To start with, The Ahava Order does not read as one would expect a book to read. It is the length of a novella (being roughly about 120 pages) and readers will read through it relatively quickly and, with this in mind, it is more beneficial for the reader to read the story all in one sitting. There are no chapters and no breaks in the story which can make it difficult to find a stopping point. The story itself could have used another round of editing for certain parts can be a bit jumbled as far as following the characters and plot go and it jumps quite a bit between past and present tense which can make reading the story a bit confusing at times. The Ahava Order may have worked better as a collection of short stories following Morner and his Ajal, Nymph, to separate their adventures. There is somewhat of a main plot in the story, but readers will find themselves following more separate mini adventures and missions all seemingly leading up to a main plot.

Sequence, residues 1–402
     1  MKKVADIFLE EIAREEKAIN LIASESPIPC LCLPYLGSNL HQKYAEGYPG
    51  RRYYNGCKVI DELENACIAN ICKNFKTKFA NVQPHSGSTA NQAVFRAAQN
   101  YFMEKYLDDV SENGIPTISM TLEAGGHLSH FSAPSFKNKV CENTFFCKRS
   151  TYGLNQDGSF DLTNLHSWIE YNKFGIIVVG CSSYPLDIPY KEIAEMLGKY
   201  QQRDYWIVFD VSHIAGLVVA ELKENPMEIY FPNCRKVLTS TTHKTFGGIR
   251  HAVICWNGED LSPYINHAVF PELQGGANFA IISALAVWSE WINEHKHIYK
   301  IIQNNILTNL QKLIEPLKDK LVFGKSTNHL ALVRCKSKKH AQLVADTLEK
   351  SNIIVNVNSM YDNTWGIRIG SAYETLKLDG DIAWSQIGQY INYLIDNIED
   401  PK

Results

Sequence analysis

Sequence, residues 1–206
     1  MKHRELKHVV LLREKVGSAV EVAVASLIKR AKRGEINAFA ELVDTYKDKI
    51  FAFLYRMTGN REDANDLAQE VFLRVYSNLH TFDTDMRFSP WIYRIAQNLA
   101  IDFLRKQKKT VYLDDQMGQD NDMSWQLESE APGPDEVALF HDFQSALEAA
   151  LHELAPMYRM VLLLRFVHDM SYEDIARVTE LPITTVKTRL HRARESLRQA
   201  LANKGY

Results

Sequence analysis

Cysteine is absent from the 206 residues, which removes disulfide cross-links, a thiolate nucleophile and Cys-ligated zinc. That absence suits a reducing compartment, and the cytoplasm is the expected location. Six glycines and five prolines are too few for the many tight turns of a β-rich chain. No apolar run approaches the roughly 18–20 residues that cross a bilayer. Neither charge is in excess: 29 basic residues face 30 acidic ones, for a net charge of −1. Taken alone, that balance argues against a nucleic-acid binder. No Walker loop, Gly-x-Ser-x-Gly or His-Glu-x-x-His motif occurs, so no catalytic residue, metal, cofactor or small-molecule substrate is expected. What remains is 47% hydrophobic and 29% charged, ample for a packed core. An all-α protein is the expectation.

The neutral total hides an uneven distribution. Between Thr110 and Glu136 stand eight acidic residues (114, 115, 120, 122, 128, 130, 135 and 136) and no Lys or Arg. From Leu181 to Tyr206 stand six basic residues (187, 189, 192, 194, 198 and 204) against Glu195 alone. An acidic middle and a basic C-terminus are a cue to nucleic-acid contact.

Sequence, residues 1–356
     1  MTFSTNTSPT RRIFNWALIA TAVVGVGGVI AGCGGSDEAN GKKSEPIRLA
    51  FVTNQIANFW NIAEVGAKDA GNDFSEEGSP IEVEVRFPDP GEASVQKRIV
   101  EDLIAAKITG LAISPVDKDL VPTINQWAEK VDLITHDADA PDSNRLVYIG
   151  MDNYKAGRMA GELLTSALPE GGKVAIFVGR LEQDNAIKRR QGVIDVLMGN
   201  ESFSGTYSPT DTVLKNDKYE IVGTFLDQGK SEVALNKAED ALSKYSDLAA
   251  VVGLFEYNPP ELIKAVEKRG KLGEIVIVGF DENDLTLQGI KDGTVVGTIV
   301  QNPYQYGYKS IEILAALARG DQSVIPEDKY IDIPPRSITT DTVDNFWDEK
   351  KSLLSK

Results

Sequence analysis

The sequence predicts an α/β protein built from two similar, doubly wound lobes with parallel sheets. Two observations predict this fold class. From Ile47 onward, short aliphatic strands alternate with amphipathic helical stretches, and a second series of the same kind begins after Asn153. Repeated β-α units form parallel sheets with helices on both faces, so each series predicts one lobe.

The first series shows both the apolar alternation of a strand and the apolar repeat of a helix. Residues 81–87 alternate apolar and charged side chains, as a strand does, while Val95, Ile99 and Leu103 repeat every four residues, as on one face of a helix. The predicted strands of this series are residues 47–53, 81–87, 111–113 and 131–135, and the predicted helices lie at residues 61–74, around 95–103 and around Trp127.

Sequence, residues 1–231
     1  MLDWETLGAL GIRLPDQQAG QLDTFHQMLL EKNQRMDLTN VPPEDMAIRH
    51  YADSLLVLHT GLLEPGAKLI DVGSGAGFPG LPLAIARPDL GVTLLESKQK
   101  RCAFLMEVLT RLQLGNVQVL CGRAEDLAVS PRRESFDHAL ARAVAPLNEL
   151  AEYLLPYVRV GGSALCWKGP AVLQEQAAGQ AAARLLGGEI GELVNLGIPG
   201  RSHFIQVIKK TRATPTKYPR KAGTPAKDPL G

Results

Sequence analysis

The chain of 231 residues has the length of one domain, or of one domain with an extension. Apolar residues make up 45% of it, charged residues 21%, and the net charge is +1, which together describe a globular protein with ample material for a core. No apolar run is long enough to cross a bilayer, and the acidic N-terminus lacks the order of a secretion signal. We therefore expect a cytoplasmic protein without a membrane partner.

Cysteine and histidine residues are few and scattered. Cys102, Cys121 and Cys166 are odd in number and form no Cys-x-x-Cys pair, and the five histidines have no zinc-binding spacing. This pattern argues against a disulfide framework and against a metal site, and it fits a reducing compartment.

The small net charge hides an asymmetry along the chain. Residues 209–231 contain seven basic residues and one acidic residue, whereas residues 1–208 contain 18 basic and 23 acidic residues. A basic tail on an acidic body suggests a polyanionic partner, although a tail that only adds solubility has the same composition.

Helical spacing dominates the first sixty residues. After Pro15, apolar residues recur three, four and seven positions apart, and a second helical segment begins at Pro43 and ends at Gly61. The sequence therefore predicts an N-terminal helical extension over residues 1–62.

While it could have benefited more from these changes, readers are encouraged to read The Ahava Order for it makes a rather enjoyable read as one long story. Przybylski has created a rather entertaining and unique story and one fantasy readers will find themselves enjoying. He takes many familiar aspects of the fantasy genre as well as aspects from monster stories and even theological stories and melds them together to create something readers have not really come across before. What makes Przybylski’s story enjoyable is the fact that he created a story that reads almost like a classic fantasy. The classic fight of good versus evil and light versus dark is present. Many new foreign kingdoms within a new land are introduced that really have no explanation or in-depth descriptions on how they came about or where they are specifically located in the land, the kingdoms are just there. There are also no overly thought out plots or politics that are normally found in fantasy series nowadays which, while they add to stories, they are not always necessary.